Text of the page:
Perhaps the most difficult part of landscaping, at least in terms of physical labor, is lifting heavy objects. Mulch, compost, soil, and potted plants are common items that need to be transported. Mobility can also influence how difficult landscaping is for one person compared to another. Landscaping is hard work on several levels, but its rewards can make the effort worthwhile.
Physical appearance can be exhausting, especially for the less physically fit. However, there are aspects of design, accounting, and other business facets to this line of work that can compensate or even replace the physical. It's a lot of hard work and you have to be okay spending a lot of cash for tools and material, and expect your client to get your money back quickly. Although it can be difficult to enter the professional field, landscaping can certainly be an enjoyable job, financially sustainable and fun over time.
Most people consider money and fun when evaluating career options, but there are many benefits to being a professional landscaper. We also offer our employees benefits that include health insurance, life insurance, a retirement plan (with a 3% match) and the chance to earn paid vacation. It involves working in the sun and, most of the time, on your knees, with dirt in one hand and sweat dripping down both eyebrows. It also requires creativity, dedication, persistence and a love for plants and the earth.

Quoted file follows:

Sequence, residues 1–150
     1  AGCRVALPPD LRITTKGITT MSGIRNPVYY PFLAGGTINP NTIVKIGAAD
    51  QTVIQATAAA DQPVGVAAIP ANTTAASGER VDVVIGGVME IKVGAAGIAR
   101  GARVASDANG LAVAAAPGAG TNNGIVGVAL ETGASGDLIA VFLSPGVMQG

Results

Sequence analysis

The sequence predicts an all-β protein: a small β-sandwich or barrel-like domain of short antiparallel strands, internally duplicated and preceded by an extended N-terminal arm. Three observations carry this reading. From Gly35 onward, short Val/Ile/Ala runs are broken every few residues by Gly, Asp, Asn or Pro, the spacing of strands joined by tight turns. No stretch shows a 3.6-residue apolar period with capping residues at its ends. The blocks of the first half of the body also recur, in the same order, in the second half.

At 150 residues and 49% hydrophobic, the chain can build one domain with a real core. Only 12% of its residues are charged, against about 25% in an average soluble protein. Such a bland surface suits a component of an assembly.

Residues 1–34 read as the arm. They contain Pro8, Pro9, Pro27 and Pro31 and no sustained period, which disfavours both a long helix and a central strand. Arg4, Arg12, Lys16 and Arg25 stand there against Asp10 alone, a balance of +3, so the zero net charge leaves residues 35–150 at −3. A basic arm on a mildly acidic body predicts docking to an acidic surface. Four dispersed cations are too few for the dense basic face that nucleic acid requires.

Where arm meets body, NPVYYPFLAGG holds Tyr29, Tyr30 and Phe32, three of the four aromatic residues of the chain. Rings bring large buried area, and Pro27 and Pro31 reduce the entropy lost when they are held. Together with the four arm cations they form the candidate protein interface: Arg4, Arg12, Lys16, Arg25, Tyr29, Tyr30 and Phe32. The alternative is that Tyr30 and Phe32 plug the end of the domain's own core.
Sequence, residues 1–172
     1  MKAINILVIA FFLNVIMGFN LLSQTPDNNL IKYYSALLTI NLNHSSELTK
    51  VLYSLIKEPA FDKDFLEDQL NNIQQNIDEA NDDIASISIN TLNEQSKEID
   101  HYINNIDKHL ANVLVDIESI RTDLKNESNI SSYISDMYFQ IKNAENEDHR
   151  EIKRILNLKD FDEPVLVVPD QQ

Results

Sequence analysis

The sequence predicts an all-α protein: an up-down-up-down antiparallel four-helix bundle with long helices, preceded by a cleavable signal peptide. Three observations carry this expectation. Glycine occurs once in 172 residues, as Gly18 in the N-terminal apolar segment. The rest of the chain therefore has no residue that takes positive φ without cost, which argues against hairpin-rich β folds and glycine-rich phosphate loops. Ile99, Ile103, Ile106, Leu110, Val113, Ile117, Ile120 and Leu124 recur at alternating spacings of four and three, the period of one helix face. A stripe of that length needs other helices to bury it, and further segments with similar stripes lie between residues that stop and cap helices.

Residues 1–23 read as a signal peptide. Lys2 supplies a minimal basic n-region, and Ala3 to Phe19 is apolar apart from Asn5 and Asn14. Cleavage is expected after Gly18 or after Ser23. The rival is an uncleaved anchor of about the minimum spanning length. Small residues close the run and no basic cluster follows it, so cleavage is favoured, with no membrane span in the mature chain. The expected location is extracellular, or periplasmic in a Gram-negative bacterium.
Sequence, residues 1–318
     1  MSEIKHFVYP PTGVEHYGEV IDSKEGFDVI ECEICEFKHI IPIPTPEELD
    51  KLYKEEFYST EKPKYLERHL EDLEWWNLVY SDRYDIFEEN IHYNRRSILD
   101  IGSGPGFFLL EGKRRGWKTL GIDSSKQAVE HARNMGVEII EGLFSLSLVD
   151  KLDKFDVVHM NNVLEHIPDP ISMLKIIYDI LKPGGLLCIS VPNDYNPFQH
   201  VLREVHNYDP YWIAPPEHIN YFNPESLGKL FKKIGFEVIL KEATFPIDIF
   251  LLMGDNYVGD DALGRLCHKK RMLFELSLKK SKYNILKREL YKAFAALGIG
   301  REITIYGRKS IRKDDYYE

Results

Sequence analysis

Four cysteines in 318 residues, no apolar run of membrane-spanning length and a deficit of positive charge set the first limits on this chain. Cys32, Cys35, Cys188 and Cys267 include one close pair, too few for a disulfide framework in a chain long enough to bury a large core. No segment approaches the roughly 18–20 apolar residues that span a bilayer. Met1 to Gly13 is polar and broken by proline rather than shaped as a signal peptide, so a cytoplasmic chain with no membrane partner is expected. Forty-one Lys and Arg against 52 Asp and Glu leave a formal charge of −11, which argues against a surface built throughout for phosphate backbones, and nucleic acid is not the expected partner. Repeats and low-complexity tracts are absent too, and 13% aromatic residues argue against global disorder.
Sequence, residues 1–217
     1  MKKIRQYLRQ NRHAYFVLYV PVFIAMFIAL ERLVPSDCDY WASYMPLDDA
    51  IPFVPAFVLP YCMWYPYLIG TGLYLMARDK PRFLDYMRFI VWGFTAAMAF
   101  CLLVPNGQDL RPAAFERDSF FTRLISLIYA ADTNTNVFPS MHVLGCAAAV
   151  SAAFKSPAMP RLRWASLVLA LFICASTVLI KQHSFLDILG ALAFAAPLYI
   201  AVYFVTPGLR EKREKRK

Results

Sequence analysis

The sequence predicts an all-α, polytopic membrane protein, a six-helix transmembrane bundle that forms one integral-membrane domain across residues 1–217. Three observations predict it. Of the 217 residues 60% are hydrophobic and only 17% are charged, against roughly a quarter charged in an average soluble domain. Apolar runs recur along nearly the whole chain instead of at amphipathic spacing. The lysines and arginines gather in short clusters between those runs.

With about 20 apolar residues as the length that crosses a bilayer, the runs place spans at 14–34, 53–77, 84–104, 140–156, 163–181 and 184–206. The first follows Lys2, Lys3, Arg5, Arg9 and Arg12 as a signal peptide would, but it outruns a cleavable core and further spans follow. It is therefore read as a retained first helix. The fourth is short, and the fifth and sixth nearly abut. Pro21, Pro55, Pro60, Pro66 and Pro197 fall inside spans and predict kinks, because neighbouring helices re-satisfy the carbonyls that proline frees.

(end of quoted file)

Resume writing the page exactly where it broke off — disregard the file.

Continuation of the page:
Landscapers can work full time or part time and can work individually or as a collective in the form of a landscaping company. Professional landscapers may also be required to perform more basic tasks repeatedly or for numerous clients each week, which means that a landscaper can complete physically laborious tasks for approximately 40 hours each week. However, most people mistakenly believe that the professional term landscape refers only to crew members, those who are installing and maintaining landscapes. Landscaping can be an enjoyable and beneficial long-term career option, as many landscapers have been in the field for more than a decade.
That said, if you have aspirations to go far with the profession or even start your own landscaping business, a degree or diploma in landscaping or horticulture wouldn't hurt.